Gluconeogenesis: Definition, Steps, Reactions, & Significance

Gluconeogenesis Definition

  • However, glucose must be produced when the cell is utilizing the other carbon molecules. This process is called gluconeogenesis.
  • The process of making glucose from non-sugar precursors is known as gluconeogenesis.
  • The process of synthesizing glucose from substances that are not carbohydrates is known as gluconeogenesis, and it mostly takes place in the liver.
  • When a cell is growing on glucose and receives glucose for polysaccharide synthesis, there is no problem.
  • Phosphoenolpyruvate, one of the intermediate products of the glycolysis pathway, serves as the starting point for glucose synthesis, which proceeds backward along the glycolytic route to create glucose.
  • However, it requires a number of enzymatic processes that do not take place during glycolysis; as a result, glucose is not produced by a straightforward inversion of glycolysis alone.
  • Lactate, amino acids (which produce pyruvate or TCA cycle intermediates), and glycerol are the three main precursors for gluconeogenesis (which forms DHAP).
  • Energy equal to around 6 moles of ATP is needed to synthesize 1 mole of glucose from 2 moles of lactate.
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Location of Gluconeogenesis

  • Gluconeogenesis occurs mostly in the liver, kidney, and gut. 
  • the skeletal muscle is not affected.
  • The initial reaction—catalyzed by pyruvate carboxylase—occurs in the mitochondria.
  • The remaining processes occur in the cytoplasm.

Steps in Gluconeogenesis

  • In the mitochondrion, pyruvate is converted to oxaloacetate by the enzyme pyruvate carboxylase.
  • Malate, or aspartate, enters the cytosol and is then converted back to oxaloacetate.
  • Oxaloacetate is changed into phosphoenolpyruvate by the enzyme phosphoenolpyruvate carboxykinase.
  • Phosphoenolpyruvate reverses the processes of glycolysis to produce fructose 1,6-bisphosphate.
  • When glucose-6-phosphate is required, fructose 1,6-bisphosphatase transforms fructose 1,6-bisphosphate to fructose-6-phosphate.
  • As free glucose is released into the circulation, glucose-6-phosphatase transforms glucose-6-phosphate.
Image Credit: Cambridge University Press

Reactions involved in Gluconeogenesis

1. Conversion of Pyruvate to Phosphoenolpyruvate

  • Phosphoenolpyruvate is created in the liver from pyruvate.
  • Pyruvate carboxylase, a mitochondrial enzyme that needs biotin and ATP, first transforms pyruvate (made from lactate, alanine, and other amino acids) into oxaloacetate.
  • The inner mitochondrial membrane cannot be directly crossed by oxaloacetate. Since it may penetrate the mitochondrial membrane and be converted back to oxaloacetate in the cytosol, it is transformed into malate or aspartate.
  • Phosphoenolpyruvate carboxykinase decarboxylates oxaloacetate to produce phosphoenolpyruvate. GTP is needed for this reaction.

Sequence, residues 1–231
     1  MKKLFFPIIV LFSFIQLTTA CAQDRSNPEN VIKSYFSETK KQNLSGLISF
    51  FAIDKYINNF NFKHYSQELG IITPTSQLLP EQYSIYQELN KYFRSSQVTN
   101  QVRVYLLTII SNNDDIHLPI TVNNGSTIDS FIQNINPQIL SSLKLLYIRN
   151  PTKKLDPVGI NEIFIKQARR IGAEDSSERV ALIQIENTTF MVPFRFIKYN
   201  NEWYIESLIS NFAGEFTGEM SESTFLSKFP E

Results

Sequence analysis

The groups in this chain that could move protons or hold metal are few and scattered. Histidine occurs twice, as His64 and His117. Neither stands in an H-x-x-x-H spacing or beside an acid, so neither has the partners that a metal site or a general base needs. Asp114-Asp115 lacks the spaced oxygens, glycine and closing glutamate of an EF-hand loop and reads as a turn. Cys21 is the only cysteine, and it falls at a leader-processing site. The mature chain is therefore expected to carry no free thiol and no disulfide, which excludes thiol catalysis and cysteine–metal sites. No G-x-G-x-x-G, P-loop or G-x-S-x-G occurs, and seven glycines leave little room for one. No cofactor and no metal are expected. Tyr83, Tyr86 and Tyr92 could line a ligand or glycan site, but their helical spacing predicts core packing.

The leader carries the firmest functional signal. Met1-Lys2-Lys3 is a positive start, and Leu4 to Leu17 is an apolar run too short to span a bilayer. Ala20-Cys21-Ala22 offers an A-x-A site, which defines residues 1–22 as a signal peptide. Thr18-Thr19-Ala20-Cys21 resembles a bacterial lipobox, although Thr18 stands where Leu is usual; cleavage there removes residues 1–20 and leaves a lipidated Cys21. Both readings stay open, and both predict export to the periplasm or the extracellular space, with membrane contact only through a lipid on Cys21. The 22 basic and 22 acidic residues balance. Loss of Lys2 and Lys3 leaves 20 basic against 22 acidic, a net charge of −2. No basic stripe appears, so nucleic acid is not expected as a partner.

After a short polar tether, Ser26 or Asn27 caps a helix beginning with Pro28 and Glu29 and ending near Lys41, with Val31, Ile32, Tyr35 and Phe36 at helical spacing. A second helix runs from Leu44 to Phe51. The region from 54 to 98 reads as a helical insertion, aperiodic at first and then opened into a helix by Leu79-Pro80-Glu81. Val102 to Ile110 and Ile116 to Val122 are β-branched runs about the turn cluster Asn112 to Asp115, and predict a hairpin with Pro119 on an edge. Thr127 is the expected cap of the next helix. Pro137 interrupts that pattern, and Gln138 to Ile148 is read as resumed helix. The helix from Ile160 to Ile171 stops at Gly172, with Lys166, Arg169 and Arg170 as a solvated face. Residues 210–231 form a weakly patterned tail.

• By switching the glycolytic processes around, phosphoenolpyruvate is transformed into fructose 1,6-bisphosphate.

2. Conversion of Fructose 1,6-bisphosphate to Fructose-6-phosphate

  • It is a process that produces inorganic phosphate and is mediated by fructose-1,6-bisphosphatase.
  • The fructose-1,6-bisphosphate is converted into fructose-6-phosphate.
  • The enzyme isomerase that is involved in glycolysis converts fructose-6-phosphate to glucose-6-phosphate.

3. Conversion of Glucose-6-phosphate to Glucose

  • Inorganic phosphate is released by glucose-6-phosphate, resulting in the creation of free glucose that enters the circulation. This particular enzyme is glucose 6-phosphatase.

Thus, the following molecules are needed to create one glucose molecule:

  • Two pyruvate.
  • Four ATP and two GTP.
  • Two NADH.
  • Six H2O

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Significance of Gluconeogenesis Pathway

  • Gluconeogenesis fills the void when food or stored glycogen does not provide the body with enough carbohydrates.
  • The process of glycogenolysis produces glucose from the glycogen that is stored in skeletal muscle and adipose tissue. However, in conditions like intense exercise, diabetes, or fasting, the amount of stored glycogen may not be enough. In these circumstances, the gluconeogenesis process produces glucose to fill the gap.
  • A steady supply of glucose is required as a source of energy for the neurological system and erythrocytes in particular.
  • The method of gluconeogenesis is employed to remove the by-products from the blood, such as lactate generated by muscle, erythrocytes, and glycerol constantly created by adipose tissue.

Associated Disease

Hypoglycemia results from a deficiency in any of the gluconeogenic enzymes. It can be deadly if gluconeogenesis fails.


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